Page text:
TAMPA – When the Hillsborough County School Board denied an application for a charter school at MacDill Air Force Base last week, district officials vowed to come up with ways to better serve military families on their own.
Schools Superintendent MaryEllen Elia called for a focus group to brainstorm options instead of opening a new MacDill Charter Academy, which would have served students in kindergarten through eighth grade.
Ideas have surfaced, Elia said, after a meeting of the focus group — and some involve transforming existing schools.
“We can work through this,” Elia said Thursday in a meeting with the editorial board of The Tampa Tribune. “We’ve offered lots of other options.”
One option is to add sixth through eighth grades to Tinker Elementary School, a K-5 public school located on the base and nearly at capacity. It’s an expensive measure, about $4 million that the district doesn’t have. A second, less costly option is to add the elementary grades to Monroe Middle School, near the base, to accommodate more children whose parents work there.
Yet another option is to designate spots at Monroe for base children, Elia said.
Still, base commander Col. Scott DeThomas said the charter school still seems the best way to go for the estimated 900 students it would serve. DeThomas sees it as an alternative to traditional public schools where students would be surrounded by peers going through similar challenges — like having parent stationed overseas.
“These options were discussed in the past but never came to fruition,” he said. “I realize the school district does a really good job with their choice program and provides options for families in Tampa. But at the same time, the dynamics of being a military kid are sometimes are in disagreement with the methodology of what the school district provides.
A charter school hasn’t been ruled out yet. The group that applied for it and was denied by the school board, the nonprofit Florida Charter Educational Foundation board, plans to fight the decision at the state level.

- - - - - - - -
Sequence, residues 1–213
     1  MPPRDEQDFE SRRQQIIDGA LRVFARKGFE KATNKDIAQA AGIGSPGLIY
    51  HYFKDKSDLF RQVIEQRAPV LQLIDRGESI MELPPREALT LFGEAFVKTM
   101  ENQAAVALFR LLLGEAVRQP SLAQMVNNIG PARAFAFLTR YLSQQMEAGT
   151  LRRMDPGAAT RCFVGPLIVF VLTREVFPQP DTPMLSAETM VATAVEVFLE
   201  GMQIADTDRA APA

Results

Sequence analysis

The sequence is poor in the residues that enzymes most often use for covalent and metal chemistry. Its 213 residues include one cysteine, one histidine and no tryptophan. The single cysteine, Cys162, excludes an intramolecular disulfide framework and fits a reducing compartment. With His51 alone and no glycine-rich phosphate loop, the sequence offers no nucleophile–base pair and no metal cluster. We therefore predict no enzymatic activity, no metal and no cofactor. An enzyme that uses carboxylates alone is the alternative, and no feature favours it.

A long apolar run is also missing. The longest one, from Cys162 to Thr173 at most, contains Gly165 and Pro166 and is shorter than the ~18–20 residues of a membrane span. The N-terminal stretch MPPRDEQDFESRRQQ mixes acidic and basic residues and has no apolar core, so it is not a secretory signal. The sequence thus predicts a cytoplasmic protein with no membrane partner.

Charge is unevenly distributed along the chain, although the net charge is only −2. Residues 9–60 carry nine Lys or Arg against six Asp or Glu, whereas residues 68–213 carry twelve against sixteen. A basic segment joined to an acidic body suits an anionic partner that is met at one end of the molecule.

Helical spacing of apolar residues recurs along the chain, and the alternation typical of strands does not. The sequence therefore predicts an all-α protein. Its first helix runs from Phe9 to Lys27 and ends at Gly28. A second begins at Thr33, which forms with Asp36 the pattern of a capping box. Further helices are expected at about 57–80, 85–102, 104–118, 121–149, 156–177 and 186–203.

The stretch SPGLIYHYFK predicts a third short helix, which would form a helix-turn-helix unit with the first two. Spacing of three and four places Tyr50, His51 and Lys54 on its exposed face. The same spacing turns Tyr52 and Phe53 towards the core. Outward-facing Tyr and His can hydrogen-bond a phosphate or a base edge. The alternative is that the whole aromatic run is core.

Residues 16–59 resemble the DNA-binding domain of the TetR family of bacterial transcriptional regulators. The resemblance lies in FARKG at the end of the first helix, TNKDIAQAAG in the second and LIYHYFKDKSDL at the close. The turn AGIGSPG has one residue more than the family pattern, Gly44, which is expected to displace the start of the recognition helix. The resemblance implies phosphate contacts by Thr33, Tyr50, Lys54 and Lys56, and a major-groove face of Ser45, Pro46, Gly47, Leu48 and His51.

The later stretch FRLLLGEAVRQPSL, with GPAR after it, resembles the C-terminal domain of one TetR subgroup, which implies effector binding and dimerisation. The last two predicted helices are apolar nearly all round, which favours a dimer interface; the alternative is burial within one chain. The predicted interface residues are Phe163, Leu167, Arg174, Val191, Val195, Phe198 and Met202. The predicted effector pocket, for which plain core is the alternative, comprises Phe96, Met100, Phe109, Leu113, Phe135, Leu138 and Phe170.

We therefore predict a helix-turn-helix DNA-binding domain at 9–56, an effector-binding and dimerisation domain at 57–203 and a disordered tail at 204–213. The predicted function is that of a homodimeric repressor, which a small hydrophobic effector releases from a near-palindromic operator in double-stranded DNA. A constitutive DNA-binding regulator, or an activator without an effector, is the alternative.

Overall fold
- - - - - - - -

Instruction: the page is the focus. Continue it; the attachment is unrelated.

The charter school board decided at a special meeting Thursday to file an appeal with the state Board of Education.
DeThomas said while he is not involved in the appeals process, the MacDill community is anxiously awaiting for the process to play out.
“I think it’s notable they’re willing to challenge it at the next level,” DeThomas said. “We are in the wait-and-see mode. We hope we can get to a solution that’s best for our families in the end.”
The Hillsborough County School Board voted unanimously last week to turn down the application because of questions about the charter school’s proposed governance structure.
While the educational foundation would have been the charter holder, day-to-day operations would have been run by the company Charter Schools USA. The foundation would have been the oversight authority, with a MacDill council advising.
Foundation board President Ken Haiko argues that the charter application is solid and that the school board’s decision is “completely without merit.”
“We are deeply committed to seeing this through to the end,” Haiko said, in a written statement. “Our military service men and women deserve our unrelenting determination to provide an educational option that makes sense for their families and we are not willing to be deterred by nonsensical political grandstanding.”
The foundation’s board has 30 days from Dec 10, the day the application was denied, to appeal before the state Board of Education and notify the school district. The district then has 30 days to submit a response to the state board, which will vote to uphold or overturn the denial.
If the state board overturns the school district’s decision, there is nothing in state law that would prevent the school from opening as early as fall 2014, a Florida Department of Education spokeswoman said.
Charter Schools USA manages 58 schools across the country and 42 schools in Florida, including Temple Terrace’s Woodmont Elementary School. Woodmont received a grade of F from the state, another concern for the school district.
Elia said the charter group could revise its application and apply again next year.
“In the position I’m in,” she said, “I can’t give a charter to a school where the application clearly doesn’t meet the law.”